Large boards depicting bloody images of embryos and fetuses were scattered down the main walkway at Wayne State University’s Fountain Court on Oct. 9.
Emma Mysko, a member of Created Equal, a pro-life group based in Columbus, Ohio that visits college campuses across the country, said they chose to display such graphic images because a picture is worth a thousand words.
“We definitely agree that the images are graphic,” Mysko said. “They’re hard to look at. Nobody likes to see them, but when 25,000 humans are killed in this way every day in America, we ought to be able to face what it is that’s happening.”
The group also provided fliers and a number to what posters said was a helpline for women who have had abortions or are considering abortions.
Mysko said the response they received on WSU’s campus was varied.
“We’ve had a lot of good discussions with people on both sides of the aisle. We’ve had some people come through and knock down our signs, but it’s been kind of rare,” she said. “Mostly just people wanting to hear what we’re about, wanting to share their views with us and ask us questions about our views.”
Freshmen pre-clinical laboratory sciences majors Julie Nitz and Brittney Eastin said they felt the group had gone too far with the images they displayed.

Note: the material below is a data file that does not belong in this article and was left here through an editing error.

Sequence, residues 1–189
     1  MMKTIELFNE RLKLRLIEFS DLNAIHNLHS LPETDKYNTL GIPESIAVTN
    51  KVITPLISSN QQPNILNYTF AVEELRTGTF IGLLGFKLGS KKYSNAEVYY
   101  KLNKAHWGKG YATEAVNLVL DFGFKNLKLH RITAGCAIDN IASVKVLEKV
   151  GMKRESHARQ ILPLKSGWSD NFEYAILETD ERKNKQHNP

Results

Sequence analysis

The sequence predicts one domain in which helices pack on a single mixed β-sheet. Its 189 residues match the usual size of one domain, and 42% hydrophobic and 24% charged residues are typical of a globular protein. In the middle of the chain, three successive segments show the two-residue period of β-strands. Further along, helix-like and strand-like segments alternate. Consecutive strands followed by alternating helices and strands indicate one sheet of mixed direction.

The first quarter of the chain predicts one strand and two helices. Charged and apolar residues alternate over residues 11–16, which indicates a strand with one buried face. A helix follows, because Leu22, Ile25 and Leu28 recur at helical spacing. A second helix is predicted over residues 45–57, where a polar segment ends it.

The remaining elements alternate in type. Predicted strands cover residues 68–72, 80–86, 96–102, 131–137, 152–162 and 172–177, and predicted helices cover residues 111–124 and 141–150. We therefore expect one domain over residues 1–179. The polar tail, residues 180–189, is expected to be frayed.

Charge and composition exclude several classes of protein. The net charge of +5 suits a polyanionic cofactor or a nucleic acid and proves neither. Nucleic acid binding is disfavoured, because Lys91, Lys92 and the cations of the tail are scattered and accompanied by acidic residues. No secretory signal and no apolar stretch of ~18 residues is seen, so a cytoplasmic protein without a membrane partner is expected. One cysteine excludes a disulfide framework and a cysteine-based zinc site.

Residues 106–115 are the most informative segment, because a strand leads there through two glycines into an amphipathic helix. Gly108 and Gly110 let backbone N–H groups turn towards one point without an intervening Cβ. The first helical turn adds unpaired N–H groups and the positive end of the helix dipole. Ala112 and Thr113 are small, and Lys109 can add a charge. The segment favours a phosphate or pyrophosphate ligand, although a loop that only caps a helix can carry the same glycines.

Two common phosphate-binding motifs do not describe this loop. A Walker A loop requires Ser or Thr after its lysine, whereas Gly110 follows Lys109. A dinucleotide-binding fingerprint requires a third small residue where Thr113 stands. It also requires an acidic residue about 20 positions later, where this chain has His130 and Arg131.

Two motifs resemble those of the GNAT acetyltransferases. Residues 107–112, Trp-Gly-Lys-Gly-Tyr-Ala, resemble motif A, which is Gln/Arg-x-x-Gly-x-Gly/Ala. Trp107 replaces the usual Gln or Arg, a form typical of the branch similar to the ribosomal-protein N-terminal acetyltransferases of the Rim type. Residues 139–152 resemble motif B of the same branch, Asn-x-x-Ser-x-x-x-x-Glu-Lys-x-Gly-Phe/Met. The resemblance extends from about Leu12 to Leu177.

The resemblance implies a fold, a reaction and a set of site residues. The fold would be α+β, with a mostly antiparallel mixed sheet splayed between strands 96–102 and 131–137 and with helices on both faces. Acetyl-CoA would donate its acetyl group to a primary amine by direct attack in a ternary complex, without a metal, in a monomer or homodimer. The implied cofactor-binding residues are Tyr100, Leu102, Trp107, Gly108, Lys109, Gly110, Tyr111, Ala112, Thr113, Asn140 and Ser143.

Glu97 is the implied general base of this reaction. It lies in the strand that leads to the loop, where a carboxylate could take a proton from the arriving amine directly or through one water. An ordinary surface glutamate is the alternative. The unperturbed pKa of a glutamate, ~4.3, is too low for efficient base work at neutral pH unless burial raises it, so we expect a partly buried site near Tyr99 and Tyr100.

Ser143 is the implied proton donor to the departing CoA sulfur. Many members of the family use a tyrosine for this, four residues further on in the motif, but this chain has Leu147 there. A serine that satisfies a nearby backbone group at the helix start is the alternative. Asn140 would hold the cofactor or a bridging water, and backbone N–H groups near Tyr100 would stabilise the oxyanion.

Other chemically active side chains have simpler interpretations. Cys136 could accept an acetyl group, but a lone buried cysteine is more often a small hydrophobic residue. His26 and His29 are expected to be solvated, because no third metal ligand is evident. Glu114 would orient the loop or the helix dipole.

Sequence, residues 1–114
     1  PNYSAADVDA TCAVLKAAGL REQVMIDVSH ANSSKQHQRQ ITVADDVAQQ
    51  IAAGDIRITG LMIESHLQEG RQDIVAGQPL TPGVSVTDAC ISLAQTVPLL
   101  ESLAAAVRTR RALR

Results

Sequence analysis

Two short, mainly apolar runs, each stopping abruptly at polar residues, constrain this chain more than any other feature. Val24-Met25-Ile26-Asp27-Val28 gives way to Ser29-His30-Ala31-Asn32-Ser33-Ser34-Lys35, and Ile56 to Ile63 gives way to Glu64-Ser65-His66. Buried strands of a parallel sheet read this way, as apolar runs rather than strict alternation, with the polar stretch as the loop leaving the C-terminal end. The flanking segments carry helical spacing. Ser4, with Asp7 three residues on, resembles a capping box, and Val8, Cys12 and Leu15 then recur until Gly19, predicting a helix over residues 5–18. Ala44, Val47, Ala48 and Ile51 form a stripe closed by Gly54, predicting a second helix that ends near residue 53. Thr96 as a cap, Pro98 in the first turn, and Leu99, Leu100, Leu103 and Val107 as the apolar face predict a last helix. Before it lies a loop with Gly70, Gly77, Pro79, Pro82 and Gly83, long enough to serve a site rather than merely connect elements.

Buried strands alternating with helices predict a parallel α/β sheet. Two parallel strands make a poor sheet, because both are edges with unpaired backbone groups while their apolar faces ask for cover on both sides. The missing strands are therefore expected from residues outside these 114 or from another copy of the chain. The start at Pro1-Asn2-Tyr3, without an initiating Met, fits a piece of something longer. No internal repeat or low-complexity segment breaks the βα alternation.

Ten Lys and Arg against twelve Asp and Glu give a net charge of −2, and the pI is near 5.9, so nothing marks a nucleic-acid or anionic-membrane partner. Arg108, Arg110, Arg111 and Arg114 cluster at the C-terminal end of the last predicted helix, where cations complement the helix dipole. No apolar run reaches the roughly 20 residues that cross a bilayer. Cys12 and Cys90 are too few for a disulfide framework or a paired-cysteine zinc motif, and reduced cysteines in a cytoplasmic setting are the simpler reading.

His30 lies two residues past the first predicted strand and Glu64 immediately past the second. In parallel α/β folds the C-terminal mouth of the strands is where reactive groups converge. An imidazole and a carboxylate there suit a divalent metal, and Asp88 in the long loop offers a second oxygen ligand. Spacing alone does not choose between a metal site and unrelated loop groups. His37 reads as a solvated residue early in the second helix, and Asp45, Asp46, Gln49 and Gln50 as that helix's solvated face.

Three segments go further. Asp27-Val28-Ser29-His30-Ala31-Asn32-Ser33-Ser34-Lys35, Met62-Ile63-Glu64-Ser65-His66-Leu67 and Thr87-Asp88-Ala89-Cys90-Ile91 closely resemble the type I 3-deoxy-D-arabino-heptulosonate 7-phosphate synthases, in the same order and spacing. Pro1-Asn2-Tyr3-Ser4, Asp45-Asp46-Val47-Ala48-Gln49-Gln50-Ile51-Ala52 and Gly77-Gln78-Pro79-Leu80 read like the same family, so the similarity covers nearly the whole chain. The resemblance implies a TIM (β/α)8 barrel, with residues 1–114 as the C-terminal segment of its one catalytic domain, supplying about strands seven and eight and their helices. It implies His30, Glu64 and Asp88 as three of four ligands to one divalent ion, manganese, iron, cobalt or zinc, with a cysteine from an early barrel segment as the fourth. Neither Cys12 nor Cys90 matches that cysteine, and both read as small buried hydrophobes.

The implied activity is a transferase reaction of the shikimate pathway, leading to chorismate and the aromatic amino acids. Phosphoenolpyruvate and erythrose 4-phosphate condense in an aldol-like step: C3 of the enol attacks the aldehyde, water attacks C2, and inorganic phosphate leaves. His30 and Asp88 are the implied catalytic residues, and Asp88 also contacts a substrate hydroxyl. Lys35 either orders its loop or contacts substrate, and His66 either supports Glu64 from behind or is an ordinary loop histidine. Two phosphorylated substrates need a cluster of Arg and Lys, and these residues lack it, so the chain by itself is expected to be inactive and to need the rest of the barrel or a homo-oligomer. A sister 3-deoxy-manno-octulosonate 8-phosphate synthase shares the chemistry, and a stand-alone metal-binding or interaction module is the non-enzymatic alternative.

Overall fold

“I feel like if they wanted to protest, they could have done it in a different manner. Putting up gory pictures and stuff, they’re not creating awareness at this point, they’re just creating anger,” Nitz said. “The reactions I’ve seen were either people just completely confused or just completely infuriated.”
Eastin said the boards could have a detrimental effect on women who have had abortions or are facing a difficult decision.
“I was appalled. Imagine how it must feel if you did have an abortion or if you are pregnant and considering, to be walking past and see that help number. That will probably just make them feel even worse,” she said.
In response, Nitz and Eastin said they wrote the number to Planned Parenthood in front of one of Created Equal’s signs.
“It’s just putting another option out there for people that feel maybe condemned or ashamed by these other people,” Nitz said.
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